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Support Systems in Addiction Recovery

Table of Contents

When it comes to recovering from addiction, having a strong support system can make all the difference. In fact, studies have shown that individuals with a strong support system are more likely to maintain their sobriety and have better long-term outcomes.

In this article, we’ll explore the significance of support systems in recovery, the different types of peer support groups available, and how to build and maintain a strong support system. Whether you’re someone in recovery, a loved one of someone struggling with addiction, or just curious about the topic, this article will give you valuable insights and information.

What is a Support System?

A support system is a community of people who provides you with practical or emotional support. In the context of addiction treatment, a support system is a group of people who actively listens and gives you encouragement to motivate you to continue your recovery process.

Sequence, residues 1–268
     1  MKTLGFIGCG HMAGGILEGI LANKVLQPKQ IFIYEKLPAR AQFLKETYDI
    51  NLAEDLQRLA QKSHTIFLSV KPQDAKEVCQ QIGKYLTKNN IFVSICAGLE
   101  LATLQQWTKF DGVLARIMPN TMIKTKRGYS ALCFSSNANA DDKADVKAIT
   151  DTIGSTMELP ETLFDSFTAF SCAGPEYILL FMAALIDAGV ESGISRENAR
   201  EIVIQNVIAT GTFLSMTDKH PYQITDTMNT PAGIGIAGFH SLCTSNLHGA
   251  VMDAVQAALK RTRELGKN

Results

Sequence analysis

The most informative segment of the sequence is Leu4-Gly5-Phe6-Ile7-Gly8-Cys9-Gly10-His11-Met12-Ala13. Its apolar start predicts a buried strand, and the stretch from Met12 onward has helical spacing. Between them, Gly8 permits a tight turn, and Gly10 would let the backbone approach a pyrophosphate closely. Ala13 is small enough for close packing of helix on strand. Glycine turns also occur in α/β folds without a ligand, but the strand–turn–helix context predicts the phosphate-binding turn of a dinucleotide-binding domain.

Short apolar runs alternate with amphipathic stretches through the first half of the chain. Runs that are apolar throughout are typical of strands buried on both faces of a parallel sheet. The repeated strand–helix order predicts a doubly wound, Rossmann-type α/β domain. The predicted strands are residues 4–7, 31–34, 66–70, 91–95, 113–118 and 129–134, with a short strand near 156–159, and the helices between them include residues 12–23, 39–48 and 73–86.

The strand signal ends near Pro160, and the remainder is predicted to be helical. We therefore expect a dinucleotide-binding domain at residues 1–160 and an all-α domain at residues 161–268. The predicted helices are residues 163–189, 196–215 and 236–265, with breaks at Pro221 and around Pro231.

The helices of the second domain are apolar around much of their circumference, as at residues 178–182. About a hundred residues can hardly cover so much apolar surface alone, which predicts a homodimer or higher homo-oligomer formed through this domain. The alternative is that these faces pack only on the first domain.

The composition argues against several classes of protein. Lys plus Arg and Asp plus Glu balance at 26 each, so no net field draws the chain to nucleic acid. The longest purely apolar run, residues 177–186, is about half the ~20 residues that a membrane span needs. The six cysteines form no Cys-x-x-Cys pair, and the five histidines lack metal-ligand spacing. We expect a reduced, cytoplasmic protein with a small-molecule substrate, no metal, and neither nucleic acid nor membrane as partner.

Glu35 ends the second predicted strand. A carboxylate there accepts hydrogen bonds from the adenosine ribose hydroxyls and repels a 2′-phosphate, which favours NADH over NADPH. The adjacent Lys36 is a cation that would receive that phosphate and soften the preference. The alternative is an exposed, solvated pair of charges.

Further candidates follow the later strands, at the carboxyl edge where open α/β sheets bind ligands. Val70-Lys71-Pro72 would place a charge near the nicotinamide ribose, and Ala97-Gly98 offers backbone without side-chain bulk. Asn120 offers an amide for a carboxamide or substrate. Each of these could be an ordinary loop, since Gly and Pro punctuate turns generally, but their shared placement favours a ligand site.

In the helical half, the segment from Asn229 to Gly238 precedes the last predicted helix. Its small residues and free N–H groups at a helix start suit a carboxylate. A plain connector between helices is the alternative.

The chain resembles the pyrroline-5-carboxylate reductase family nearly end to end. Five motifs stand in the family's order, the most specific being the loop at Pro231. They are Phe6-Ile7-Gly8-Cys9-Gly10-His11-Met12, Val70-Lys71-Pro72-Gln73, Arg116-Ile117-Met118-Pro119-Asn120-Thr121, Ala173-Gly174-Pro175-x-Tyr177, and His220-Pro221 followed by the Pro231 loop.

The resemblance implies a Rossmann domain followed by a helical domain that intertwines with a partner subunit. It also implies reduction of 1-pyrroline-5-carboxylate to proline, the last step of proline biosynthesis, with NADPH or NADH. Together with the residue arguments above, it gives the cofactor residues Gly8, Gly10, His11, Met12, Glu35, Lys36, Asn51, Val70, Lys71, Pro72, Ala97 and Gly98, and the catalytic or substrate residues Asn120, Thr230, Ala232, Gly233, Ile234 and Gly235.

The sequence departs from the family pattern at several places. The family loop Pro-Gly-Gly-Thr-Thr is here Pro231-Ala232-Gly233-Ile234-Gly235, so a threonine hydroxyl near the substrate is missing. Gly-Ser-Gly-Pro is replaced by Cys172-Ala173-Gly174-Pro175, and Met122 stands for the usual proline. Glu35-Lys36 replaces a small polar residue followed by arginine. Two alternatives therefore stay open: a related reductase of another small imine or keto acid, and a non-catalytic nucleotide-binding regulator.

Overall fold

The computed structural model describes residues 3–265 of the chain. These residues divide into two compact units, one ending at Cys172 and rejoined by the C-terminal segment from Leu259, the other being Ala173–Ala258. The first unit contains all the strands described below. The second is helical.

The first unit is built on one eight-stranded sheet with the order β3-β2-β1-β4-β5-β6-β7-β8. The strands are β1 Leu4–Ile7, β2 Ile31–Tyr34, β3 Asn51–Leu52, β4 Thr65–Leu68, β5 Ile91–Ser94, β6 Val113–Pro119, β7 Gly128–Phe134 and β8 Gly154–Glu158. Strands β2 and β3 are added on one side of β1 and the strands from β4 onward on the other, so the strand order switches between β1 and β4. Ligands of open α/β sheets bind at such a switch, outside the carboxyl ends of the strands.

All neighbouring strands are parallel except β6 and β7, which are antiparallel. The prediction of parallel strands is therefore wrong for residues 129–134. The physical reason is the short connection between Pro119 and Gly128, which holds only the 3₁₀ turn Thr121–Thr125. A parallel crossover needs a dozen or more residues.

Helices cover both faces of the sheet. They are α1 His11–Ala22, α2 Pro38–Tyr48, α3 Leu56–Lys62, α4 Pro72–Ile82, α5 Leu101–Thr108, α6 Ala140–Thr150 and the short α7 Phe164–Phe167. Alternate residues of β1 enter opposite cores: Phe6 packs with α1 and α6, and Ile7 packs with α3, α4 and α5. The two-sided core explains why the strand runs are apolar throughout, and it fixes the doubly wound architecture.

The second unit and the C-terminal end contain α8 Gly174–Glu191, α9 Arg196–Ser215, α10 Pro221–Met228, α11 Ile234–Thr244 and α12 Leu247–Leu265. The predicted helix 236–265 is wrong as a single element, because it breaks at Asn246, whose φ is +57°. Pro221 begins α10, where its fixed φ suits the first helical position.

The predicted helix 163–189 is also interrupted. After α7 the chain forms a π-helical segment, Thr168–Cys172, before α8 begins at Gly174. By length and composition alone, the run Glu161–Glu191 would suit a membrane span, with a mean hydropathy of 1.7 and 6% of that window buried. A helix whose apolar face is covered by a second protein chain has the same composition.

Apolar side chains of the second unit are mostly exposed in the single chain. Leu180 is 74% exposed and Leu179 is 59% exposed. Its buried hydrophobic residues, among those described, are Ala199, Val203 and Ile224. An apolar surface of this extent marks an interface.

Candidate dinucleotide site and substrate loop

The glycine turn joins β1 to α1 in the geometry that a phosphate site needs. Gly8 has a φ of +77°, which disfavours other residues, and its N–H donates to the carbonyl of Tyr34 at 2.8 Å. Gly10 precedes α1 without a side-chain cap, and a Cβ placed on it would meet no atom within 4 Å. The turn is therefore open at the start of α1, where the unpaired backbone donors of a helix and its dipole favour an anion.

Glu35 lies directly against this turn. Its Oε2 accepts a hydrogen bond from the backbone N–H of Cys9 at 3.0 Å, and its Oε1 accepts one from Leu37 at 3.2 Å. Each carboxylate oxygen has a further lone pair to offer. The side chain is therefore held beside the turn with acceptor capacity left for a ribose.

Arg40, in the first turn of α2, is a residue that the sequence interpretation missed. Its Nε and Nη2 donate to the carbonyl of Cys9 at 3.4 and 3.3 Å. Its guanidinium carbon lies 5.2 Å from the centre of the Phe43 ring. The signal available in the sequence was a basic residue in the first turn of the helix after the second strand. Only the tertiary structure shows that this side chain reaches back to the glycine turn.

Support systems can take many forms. Your support system can consist of your family members, close friends, and others you trust and have confidence in.

Aside from family and friends, there are also many other resources available. Support groups such as Alcoholics Anonymous or Narcotics Anonymous can provide a sense of community and understanding. Therapists and counselors can offer guidance and assistance through individual or group therapy sessions.

You can also join a recovery group comprised of peers who are also dealing with substance abuse or are recovering from an addiction.

How Support Systems Can Help

A person in recovery requires a strong network of people and resources to rely on, especially in early recovery. Substance use disorder makes a person feel helpless and unloved, exacerbating their sense of isolation. For this reason, the emotional support, understanding, and belongingness that come from having a support system are invaluable.

At the same time, support systems can also provide practical help. For example, your loved ones can assist with getting you to and from appointments at rehab, help with household tasks, and offer financial sponsorship if needed. These types of practical assistance can help reduce stress and allow you to focus on your rehab.

Research shows that social support can lead to better outcomes in addiction recovery. What this means is that individuals with social support were more likely to complete their treatment program and have lower rates of relapse.